,method:'fetchTerms'
    			,args:[3,'Vocabulary']
                            ,secret: 'tyr673g#452)))9088jdk^5thd'
    			,success:function(data,status,xhr) {
    				alert(data[0].system_name);
    			}
    		});

    See the problem?

    Quote Originally Posted by Michael Morris
    I do something similiar but all javascript traffic goes over POST. Each post request is still going to hold the PHPSESSID from the $_COOKIE array so Sessions can be started normally. So your javascript will still need to start a user object and use it to check permissions for what javascript attempts.
    That is what I would like to avoid, adding a API per operation permission layer on top of the data access layer.

  6. #6
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    I was just thinking out loud really.

    How about naming it something more general instead of "secret"? That's like picking your user password as "password".

    Also by minifying your javascript, it will be harder to reverse engineer. It's not 100% bullet proof but it helps.

  7. #7
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    Well, I need to be 99.9% bullet proof considering it will expose the applications entire data access layer to the public, if it is not. Obfuscation could be added as an additional measure, but by itself its pretty weak.

    Is there anyway to perhaps not allow access to the script/endpoint (dao.php) using htaccess rules? I'm not sure if its possible to write a rule to essentially say if not an AJAX or internal(?) request don't allow. I don't think its possible, but worth asking.

  8. #8
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    Quote Originally Posted by oddz View Post
    That is what I would like to avoid, adding a API per operation permission layer on top of the data access layer.
    You cannot avoid it if you want your application to be secure. End of story.

  9. #9
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    I can't believe there is no other way to deal with this than adding programmatic permissions. That really isn't an option for me. I rather dump this whole idea all together than add permissions like that, as my data access methods are pretty generic. It would be almost impossible to just account for all possible actions.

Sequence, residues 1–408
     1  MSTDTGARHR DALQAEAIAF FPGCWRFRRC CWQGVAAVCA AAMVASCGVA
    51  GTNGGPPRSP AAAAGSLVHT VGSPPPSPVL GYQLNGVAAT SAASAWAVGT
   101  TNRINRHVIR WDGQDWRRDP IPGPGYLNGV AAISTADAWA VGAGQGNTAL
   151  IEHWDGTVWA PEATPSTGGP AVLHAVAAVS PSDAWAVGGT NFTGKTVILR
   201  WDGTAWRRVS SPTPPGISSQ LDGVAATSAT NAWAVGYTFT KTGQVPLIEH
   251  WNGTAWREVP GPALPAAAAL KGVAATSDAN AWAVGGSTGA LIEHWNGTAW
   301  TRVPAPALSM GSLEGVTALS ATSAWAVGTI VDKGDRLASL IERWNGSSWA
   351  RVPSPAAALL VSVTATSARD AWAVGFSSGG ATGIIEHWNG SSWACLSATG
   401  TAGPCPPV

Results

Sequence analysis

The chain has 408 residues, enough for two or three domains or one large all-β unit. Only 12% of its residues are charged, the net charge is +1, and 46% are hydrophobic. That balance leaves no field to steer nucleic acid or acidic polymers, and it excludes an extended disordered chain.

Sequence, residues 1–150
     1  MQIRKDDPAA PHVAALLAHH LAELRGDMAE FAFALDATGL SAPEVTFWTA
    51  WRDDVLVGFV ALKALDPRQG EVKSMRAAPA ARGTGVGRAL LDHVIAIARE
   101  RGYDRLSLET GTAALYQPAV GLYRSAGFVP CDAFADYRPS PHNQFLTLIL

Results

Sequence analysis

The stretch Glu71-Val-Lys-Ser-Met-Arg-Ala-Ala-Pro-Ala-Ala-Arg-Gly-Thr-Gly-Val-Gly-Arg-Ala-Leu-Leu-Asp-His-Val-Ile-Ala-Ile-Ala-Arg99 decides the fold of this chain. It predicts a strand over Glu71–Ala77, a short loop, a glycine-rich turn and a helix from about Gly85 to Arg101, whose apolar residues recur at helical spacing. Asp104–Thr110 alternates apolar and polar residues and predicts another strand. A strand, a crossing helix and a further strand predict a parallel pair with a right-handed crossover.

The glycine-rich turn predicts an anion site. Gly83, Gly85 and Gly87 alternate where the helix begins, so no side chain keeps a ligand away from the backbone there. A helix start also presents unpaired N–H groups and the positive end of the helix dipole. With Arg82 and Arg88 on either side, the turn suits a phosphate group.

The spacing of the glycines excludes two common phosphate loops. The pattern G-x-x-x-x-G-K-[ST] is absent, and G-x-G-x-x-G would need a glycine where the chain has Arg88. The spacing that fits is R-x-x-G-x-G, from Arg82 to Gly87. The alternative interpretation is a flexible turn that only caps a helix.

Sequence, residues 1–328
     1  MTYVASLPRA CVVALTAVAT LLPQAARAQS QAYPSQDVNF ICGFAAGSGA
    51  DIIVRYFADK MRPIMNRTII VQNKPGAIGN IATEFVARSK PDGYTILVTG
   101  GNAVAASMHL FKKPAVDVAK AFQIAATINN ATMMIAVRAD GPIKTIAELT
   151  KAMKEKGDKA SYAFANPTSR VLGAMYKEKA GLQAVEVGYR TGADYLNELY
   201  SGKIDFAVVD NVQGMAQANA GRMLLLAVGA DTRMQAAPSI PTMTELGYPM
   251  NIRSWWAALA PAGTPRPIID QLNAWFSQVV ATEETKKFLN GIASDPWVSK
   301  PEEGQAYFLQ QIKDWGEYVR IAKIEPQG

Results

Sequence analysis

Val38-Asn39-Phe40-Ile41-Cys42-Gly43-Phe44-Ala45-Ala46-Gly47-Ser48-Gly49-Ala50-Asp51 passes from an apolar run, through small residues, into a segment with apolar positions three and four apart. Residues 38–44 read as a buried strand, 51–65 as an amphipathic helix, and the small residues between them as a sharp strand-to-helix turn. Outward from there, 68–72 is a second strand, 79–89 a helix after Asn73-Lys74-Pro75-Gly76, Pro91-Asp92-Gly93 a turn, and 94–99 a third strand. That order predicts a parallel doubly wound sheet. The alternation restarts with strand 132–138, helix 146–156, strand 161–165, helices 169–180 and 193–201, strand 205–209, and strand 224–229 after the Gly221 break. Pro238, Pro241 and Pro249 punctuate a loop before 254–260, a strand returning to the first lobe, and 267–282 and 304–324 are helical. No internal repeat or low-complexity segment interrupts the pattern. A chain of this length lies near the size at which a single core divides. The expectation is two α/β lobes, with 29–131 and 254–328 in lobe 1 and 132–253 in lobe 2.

10. #10
    SitePoint Wizard wonshikee's Avatar
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    Are the users who have access to this AJAX application authenticated through PHP?

  11. #11
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    no, yes, maybe who knows? The initial idea was to make this generic, but if I can't find a away to secure it than I'm probably just going to scrap it or only use it for specific circumstances. For example, in some case I may be using a list method for non-authenticated users. many times there is data that is returned that I rather not make available to someone directly hitting the endpoint. Although, not critical to security it would just be nice to make sure no one can access the functionality directly through HTTP. Though, I'm thinking this is less and less likely.

  12. #12
    . shoooo... silver trophy logic_earth's Avatar
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    Not directly though HTTP...that is not possible unless you are using your own protocol. AJAX is though HTTP hence the name XMLHttpRequest.
    Logic without the fatal effects.
    All code snippets are licensed under WTFPL.


  13. #13
    I solve practical problems. bronze trophy
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    Quote Originally Posted by oddz View Post
    I can't believe there is no other way to deal with this than adding programmatic permissions. That really isn't an option for me. I rather dump this whole idea all together than add permissions like that, as my data access methods are pretty generic. It would be almost impossible to just account for all possible actions.
    You could try long polling, but that's rather tricky. You'd still need to authenticate at the start of the polling request though.

    http://en.wikipedia.org/wiki/Push_technology

    Another possibility is web sockets, but that's only feasable if IE support isn't required. The larger problem is this solution is experimental by nature since web sockets haven't been finalized.

    http://en.wikipedia.org/wiki/WebSockets

    Both of these require a persistent PHP script to run, which is an unusual use case.